The 5-fold ministry's job is to build up the church until EVERY joint learns how to hear the Spirit of the Lord and give their part for the edification of itself in love.

Like training for a new job, is it better to provide a classroom setting where no one is confirmed in their understanding and then release them to do their job? Or is it better to put them in the midst of their job, teach them through example and then closely monitor their progress until it is certain they fully understand what they are doing?

The church uses the first example without the desired outcome of every joint knowing its part and contributing to the whole.

The second part is what is described by Paul in 1 Corinthians 14. Everyone comes together and brings their part and through all of this, Holy Spirit is able to reveal His whole purpose in them AND the great benefit is, they all learn how integral every part is to the whole.

Would you or anyone else conduct their families as the church does it today, a classroom style setting where no one is allowed to interact with the speaker but must keep quiet and listen intently and with no one to go to them to confirm what they each heard and how their heard it?

I say no. As parents, we interact with our children and if we are so fortunate to teach our children in a home school setting as we did with our son, we are able to put into actual practice all the lessons learned and to confirm or approve.

Our son is grown now and we are seeing the fruits of our labor and the fruits of the labor of the Holy Spirit in his life as he now leads others in much the same way he was led in our family, putting God first in everything and promoting questions and dialog.

In a church setting, I can give a message without interruption and come away satisfied that all heard the message but what I cannot have is that which Paul sought for among those he ministered to. That is to KNOW that they all understand Christ and Him crucified. This needs to be confirmed in their lives and once confirmed and they are taught to put all their trust in the capable leading and guiding of the Holy Spirit, I can then rest contented and filled with immeasurable joy for I can see that nothing of my labor will have been in vain.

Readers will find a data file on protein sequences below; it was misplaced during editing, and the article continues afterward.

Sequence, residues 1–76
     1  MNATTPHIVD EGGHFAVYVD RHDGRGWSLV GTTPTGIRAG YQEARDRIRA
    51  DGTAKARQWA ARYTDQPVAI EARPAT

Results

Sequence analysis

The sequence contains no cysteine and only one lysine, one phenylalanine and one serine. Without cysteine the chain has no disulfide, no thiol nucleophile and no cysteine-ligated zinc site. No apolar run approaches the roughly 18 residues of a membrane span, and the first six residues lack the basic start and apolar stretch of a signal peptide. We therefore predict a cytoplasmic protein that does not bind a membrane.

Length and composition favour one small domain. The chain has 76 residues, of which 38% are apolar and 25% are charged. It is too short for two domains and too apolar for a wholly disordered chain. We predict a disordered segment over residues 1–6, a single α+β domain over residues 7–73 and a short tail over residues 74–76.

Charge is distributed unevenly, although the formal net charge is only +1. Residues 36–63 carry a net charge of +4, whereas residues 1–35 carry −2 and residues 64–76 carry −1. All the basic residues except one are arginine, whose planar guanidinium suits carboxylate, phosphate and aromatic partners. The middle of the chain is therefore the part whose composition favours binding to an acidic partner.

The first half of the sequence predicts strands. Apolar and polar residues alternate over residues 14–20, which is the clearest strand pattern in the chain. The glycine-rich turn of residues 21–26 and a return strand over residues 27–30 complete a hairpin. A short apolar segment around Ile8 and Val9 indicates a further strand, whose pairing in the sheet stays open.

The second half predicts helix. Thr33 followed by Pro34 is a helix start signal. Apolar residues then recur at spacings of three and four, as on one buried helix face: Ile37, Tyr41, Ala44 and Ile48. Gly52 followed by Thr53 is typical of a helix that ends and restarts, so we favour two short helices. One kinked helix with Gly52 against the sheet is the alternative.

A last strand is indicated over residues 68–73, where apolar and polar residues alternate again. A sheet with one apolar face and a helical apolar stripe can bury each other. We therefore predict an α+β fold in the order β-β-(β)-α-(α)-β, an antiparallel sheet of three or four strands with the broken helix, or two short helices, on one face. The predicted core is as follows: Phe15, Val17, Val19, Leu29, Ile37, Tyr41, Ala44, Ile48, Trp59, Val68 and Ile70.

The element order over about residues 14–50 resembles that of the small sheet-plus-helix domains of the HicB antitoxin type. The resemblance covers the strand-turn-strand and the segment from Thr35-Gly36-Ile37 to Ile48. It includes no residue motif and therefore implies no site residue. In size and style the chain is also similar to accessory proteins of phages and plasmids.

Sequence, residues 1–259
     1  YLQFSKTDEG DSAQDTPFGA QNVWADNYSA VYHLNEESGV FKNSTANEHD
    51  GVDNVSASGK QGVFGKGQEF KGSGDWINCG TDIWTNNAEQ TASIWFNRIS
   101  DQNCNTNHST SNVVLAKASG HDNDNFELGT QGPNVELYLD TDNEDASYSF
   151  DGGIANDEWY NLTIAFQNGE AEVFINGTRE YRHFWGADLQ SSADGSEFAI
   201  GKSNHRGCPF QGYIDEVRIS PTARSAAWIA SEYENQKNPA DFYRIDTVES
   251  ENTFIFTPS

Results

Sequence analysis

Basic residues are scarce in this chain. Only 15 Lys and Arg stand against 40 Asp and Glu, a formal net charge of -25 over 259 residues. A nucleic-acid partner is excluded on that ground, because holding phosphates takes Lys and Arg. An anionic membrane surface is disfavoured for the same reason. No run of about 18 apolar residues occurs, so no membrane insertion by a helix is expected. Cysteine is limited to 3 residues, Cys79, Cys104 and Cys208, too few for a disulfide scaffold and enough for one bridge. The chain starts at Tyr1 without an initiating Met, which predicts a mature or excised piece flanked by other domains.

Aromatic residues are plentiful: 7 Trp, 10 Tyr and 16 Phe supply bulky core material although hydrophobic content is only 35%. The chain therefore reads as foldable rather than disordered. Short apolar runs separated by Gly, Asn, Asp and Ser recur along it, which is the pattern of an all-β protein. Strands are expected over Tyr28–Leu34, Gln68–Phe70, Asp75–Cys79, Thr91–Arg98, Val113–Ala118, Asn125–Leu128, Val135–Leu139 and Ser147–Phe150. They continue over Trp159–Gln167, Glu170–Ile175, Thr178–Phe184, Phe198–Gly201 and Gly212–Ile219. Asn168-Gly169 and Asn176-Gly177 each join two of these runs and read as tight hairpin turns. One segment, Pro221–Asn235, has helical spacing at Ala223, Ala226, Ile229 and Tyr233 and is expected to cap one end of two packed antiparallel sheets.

This is what is missing today and the time is quickly approaching where God will be correcting this in His Body.

GJK said...

Jerry (nice to "meet" you, by the way), I agree with most everything you have to say here. In fact, I had to smile at your description of the speaker who preaches uninterrupted but has no idea if heart change is happening in the flock . . . vs. a teacher in an interactive environment. That's exactly what my daughter wants -- an interactive sermon, where people can ask questions and discuss things with the pastor while he/she is preaching.

Again, my main concern here is that, if people are taking turns preaching to each other, you need a shepherd of some kind overseeing that. We do learn to hear the Holy Spirit and be guided by him through stepping out in faith and doing it, but we also need guidance from those more mature in their faith than we are to make that happen.

If you have a group of not-yet-that-mature believers just preaching to each other, there's a chance of having a situation where the blind are leading the blind into a ditch. They would need some oversight and leadership. Just sayin'. :)